Searching for SimbaAdventure Travel, Kenya, Lost Girls RTW Adventure, Tours & Attractions, Wildlife & Animals — By Jen B on November 13, 2006 at 5:15 am
Like most of our fellow Village Volunteers, Amanda, Holly and I jumped at the chance to sign up for an affordable 1-day safari organized by one of the in-country coordinators, and a member of the Maasai tribe, Emmanuel. Not only would we be guided through the world famous Masai Mara National Reserve by a knowledgeable local, we’d be able to put our safari fee to good use by channeling it through Emmanuel’s community outreach program versus a foreign-owned tour company.
So after three amazing weeks working at Pathfinder Academy, we bid tearful farewells to all our new friends and headed out of town. Three matutus, a few bumpy roads and four hours later, we arrived in Kericho, the tea capital of Western Kenya, where Emmanuel was waiting to pick us up. We instantly fell in love with his calm demeanor, sweet smile and enthusiasm for his work with Village Volunteers. Plus, he guaranteed we’d see at least three distinguished members of the â€˜Big Five’ (elephant, rhino, leopard, lion and water buffalo) under his expert tour guidance. We’d soon find out, he was a man of his word!
After rising at the ungodly hour of 5am – the possibility of seeing real African wildlife our only motivator – we piled into Emmanuel’s car to take the 2 hour journey across the rough and dusty terrain that stood between us and our safari dreams. Having spent our time so far in a rural farm community, we had yet to witness the signature savannah commonly featured in classic African cinema. As we approached the entrance to the reserve, our expectations were not only matched, they were surpassed. Endless miles of sun-drenched plains, layered with thick tufts of wheat-colored grass and billowy dessert date trees, stretched before us under a vast mural of marshmallow clouds. Not even in our wildest film fantasies could we have painted such an incredible setting. We squealed like teenagers, hopping into our rented Jurassic Park-style Land Rover and enthusiastically popping our heads out of the requisite open-air roof. Bring on the animals and adventure!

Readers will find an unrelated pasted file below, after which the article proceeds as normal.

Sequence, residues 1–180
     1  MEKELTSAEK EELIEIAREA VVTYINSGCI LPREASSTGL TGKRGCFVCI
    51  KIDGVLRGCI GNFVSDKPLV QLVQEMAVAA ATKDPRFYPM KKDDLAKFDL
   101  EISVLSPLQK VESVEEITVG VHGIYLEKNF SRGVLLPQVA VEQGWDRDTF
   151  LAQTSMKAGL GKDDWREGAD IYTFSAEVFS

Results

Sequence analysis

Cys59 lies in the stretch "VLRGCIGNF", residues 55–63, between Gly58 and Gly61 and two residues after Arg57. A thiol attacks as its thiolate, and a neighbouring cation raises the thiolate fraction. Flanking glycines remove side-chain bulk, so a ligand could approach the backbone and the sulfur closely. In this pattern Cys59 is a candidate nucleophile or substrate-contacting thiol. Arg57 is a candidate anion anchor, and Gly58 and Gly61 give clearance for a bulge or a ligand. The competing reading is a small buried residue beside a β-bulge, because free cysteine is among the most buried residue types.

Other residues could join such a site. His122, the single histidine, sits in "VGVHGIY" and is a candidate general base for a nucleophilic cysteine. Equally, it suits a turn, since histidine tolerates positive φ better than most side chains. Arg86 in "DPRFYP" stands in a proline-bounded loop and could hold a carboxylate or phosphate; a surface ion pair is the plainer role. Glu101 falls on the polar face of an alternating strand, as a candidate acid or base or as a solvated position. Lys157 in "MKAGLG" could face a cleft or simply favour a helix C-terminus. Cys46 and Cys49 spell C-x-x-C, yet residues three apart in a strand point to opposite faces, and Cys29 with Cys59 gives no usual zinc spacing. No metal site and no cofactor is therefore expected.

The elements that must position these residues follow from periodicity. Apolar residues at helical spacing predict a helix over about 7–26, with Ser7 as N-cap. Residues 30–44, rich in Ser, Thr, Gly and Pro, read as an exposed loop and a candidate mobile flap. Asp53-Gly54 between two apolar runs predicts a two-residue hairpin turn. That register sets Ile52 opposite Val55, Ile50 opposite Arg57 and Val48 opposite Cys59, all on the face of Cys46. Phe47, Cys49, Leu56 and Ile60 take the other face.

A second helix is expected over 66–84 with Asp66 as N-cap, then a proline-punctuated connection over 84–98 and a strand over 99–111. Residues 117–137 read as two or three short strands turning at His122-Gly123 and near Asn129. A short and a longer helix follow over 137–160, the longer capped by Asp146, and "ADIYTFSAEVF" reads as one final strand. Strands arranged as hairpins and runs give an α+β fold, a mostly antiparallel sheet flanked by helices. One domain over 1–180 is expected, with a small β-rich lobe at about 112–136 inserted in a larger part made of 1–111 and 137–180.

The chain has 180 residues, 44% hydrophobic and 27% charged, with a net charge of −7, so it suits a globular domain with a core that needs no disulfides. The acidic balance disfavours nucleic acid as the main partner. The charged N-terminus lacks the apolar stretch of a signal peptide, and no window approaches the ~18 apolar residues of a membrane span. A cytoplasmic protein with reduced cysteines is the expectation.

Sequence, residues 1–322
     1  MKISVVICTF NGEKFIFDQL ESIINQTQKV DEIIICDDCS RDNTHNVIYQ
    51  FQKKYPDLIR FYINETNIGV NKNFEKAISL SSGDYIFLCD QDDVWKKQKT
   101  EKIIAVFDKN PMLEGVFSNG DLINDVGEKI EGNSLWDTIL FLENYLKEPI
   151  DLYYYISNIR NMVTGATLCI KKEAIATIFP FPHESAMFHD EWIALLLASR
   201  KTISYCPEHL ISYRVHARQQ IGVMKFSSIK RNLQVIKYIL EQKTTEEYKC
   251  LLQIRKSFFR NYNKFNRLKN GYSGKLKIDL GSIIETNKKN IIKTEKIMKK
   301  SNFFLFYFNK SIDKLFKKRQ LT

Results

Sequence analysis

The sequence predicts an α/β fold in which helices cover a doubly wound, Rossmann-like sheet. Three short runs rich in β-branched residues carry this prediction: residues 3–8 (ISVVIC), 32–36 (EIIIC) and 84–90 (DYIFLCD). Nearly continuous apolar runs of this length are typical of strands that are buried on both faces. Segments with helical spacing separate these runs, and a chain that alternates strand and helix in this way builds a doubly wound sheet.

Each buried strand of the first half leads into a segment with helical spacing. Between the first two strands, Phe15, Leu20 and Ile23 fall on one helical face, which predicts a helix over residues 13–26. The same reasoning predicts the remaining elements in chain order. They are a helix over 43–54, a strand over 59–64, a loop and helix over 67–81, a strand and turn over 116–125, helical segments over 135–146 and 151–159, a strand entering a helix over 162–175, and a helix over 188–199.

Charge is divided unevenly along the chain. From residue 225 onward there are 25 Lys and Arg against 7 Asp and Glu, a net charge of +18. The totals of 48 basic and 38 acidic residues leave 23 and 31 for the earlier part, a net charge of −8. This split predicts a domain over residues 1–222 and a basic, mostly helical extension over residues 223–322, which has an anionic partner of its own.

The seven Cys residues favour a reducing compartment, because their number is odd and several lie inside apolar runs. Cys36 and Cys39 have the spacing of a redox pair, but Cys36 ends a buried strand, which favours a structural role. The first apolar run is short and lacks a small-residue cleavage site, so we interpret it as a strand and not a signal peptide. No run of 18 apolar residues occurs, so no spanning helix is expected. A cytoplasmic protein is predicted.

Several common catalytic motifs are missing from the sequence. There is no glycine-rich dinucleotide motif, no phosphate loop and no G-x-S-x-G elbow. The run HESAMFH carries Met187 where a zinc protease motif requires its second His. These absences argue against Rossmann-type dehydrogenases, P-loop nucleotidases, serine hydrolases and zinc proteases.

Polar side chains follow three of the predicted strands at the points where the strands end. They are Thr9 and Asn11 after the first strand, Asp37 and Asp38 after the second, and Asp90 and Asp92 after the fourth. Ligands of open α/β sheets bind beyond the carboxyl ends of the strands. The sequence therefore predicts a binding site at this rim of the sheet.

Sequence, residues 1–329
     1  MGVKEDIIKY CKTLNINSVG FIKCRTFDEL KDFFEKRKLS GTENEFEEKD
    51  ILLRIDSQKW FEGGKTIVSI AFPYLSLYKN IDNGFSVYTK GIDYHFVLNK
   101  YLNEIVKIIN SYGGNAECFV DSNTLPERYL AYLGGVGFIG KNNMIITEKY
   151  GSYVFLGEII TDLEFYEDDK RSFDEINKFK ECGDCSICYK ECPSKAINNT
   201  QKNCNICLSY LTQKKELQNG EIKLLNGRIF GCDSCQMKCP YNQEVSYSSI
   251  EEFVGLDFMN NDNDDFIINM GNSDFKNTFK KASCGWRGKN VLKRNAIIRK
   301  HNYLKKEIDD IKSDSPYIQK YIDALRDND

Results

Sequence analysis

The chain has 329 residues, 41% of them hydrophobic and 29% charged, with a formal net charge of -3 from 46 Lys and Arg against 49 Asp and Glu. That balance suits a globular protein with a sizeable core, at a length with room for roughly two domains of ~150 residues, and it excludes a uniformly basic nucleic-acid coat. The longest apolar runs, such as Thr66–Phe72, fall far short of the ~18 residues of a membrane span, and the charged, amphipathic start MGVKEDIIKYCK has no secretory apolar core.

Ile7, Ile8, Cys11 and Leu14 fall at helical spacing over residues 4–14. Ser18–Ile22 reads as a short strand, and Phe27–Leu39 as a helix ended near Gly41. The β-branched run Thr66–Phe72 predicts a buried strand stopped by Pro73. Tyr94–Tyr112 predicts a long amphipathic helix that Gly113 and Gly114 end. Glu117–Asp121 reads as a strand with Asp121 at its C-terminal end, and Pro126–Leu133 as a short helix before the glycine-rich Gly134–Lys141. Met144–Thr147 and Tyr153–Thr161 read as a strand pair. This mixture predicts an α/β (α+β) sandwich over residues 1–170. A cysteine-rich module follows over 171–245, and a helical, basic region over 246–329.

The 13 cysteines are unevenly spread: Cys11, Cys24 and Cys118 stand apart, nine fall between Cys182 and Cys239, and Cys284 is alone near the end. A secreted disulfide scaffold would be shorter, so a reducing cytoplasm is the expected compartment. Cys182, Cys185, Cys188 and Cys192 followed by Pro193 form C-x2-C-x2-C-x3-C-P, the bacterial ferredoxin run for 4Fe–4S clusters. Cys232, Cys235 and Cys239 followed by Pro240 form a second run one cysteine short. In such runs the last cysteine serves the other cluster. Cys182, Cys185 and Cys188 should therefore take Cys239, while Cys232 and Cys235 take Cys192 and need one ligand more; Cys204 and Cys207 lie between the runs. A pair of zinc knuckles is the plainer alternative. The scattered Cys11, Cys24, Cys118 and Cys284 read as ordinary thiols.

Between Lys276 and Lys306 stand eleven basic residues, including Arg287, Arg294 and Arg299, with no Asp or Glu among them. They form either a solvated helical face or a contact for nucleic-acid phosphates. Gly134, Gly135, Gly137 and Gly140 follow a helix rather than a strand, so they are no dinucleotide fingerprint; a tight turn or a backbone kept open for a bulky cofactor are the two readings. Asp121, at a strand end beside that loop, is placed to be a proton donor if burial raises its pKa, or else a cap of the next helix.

Prior to arriving at â€˜The Mara’ (as it’s commonly referred), we thought it would take hours of intensive trekking under the blistering Kenyan sun before we spotted any major game. But lucky for us, the animals in this part of the world are anything but camera shy. Mere seconds after our wheels hit the savannah, a family of warthogs scurried in front of our truck, heading home to their underground holes for an afternoon nap. Little did we know that this sighting was only the beginning. Emmanuel and our driver, Jonathan, had guided literally hundreds of other people through the reserve and knew exactly which rocks, trees and watering holes attracted the greatest game. And clearly used to being stared at by wide-eyed tourists, most Mara inhabitants don’t bat an eyelash when vehicles approach them – paradise for happy snappers like us. Eager to give our cameras a hard core work out, we opted to skip lunch at the lodge (normally a horrifying prospect for a Lost Girl) in order to maximize our safari time. We spent the next few hours snaking our way through the tall grass, bumping over the dusty roads, and stealthily exploring every corner of land for the most brag-worthy wildlife. And while we’d yet to spot a simba (the Swahili word for lion), over the course of the afternoon, we’d ticked a ton of names off our safari check list. Here are just a few of the highlights:
Hippopotamuses: Until this point, our experience with these hungry beasts was limited to zoos and classic 80s board games. So we were surprised to learn that hippos actually pose the biggest threat to safari-goers than any other animal. Fortunately, a deep ravine safely separated us from the huge group of 2 ton water babies we saw lazing on the river bed.
Zebras: We’re still not sure if they’re white with black stripes or black with white stripes, but either way, they are by far the coolest kids on the Mara playground. These two-tone wonders gallop peacefully across the plain, happy to hang with giraffes, buffalos, gazelles and other furry followers.
Giraffes: We got up close and personal with a huge herd of these long-necked beauties. They let us get about 10 feet away before gracefully skipping away, all four of their lean legs practically lifting off the ground at once. These ballerinas of the bush are simply breathtaking to watch!
Elephants: Save the Botox for another species. The deep wrinkles on these old cuties only add to their charm! We caught up with a whole family crossing the road walking nose to tail, the babies toddling along side their parents and grandparents. Like this wise species, we will never forget the experience.